mark cerqueira well-rounded nerd

Throw Some Version Control On Your Jenkins

Years of doing Jenkins here and there has let me pick up some (perhaps unconventional) habits. One habit I’m willing to go to bat for is putting your Jenkins configuration and scripts in version control. And the best part: no fancy memory-leaking, performance-impacting plugins needed!

Just throw a jenkins folder in your repo and the execute shell of all your Jenkins jobs can start looking like this:

Sourcing bootstrap.sh will set up the environment for your Jenkins job. This should ideally be stuff that can be shared across all Jenkins jobs. In comprehensive-test-suite.sh you can do all the work our job needs to get done.

The benefits of a system like this:

  • Bootstrapping is written once and shared across all jobs. If you need to update your bootstrapping, it’s a one-time cost.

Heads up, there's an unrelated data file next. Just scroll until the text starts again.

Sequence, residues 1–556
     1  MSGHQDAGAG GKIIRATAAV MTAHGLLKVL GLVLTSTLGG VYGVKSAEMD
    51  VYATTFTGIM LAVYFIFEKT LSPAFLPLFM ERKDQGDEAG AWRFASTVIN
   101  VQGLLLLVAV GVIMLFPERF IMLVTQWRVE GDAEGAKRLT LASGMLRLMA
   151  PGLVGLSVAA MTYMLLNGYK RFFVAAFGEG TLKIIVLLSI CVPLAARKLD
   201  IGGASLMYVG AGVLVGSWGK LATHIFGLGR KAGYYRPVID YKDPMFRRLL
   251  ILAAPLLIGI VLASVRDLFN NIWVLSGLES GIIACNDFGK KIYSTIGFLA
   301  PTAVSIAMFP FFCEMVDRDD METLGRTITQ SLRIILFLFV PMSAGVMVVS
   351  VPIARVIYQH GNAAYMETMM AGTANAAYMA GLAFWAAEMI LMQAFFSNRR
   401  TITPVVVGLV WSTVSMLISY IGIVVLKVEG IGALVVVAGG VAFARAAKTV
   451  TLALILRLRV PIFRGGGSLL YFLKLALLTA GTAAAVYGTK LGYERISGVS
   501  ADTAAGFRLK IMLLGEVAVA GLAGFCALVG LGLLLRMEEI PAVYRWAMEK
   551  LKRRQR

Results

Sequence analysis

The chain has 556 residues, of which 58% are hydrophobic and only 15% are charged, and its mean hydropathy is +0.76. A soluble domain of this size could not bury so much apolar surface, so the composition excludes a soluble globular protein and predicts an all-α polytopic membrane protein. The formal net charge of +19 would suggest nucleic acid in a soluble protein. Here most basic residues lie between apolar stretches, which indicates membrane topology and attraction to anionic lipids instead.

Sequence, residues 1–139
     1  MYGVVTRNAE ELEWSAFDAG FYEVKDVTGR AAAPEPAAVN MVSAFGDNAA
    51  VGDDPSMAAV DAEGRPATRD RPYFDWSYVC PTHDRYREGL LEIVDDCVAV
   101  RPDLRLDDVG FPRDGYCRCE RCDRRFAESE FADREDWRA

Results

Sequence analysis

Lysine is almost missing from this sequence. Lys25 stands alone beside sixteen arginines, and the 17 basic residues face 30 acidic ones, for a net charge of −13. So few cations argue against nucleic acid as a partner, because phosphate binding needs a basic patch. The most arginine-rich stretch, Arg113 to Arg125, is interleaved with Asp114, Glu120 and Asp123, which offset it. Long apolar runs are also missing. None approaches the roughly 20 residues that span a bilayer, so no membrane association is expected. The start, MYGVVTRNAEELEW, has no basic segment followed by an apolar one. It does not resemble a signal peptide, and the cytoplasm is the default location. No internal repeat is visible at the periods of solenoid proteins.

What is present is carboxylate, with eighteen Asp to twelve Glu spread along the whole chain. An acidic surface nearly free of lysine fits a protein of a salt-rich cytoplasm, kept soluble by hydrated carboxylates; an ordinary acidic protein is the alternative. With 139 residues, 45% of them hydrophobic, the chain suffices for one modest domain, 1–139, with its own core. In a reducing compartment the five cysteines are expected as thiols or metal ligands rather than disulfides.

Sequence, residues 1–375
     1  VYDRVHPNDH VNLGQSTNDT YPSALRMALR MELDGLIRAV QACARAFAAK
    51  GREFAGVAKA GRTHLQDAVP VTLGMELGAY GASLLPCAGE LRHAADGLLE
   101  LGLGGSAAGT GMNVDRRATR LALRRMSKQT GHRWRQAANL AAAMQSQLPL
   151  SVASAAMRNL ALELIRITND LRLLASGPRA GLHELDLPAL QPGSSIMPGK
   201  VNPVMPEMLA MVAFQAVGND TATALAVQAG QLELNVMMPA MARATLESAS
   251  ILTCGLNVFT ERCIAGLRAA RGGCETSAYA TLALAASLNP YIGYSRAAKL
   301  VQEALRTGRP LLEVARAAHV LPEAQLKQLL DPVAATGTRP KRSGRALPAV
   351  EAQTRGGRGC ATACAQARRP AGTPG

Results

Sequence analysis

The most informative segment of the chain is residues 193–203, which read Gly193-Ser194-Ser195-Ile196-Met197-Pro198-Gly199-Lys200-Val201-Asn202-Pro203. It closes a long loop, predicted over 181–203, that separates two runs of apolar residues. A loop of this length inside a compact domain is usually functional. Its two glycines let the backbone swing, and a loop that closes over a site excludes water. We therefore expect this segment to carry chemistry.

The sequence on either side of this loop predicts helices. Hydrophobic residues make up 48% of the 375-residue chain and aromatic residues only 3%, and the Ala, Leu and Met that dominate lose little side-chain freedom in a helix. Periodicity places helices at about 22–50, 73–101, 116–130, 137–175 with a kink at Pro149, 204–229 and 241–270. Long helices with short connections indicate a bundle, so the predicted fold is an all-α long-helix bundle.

• Updates to the worker script are tied to the accompanying changes to the rest of the repo to support them. No need for conditionals in your execute shell block.
  • If you bootstrap your own cmputer similar to the Jenkins bootstrap, you can run the Jenkins worker scripts locally to verify their behavior.
  • Whatever version control you’re using is far better than the JobConfigHistory plugin available on Jenkins.
  • I have seen Jenkins updates clobber job configuration. This protects you somewhat against the occasional Jenkins hiccup.

One important caveat to this setup is inside your worker script you’ll want to check for exit codes from calls inside there and fail if a non-zero exit code is found. If you don’t do this, components of your worker script may fail but if the overall script exits without passing through a failure exit code, your job will (erroneously) succeed! What does this working around this look like?

The step, try, next are brought in by sourcing jenkins-helper.sh. These functions allow grouping up chunks of work and checking the exit codes for all processes in those chunks of work after they’re completed. Basically all the steps between step and next that are preceded with a try will be executed and their exit codes will be recorded. When the next is hit, all exit codes will be checked for success. Check out jenkins-helper on Gist.

Hope that helps!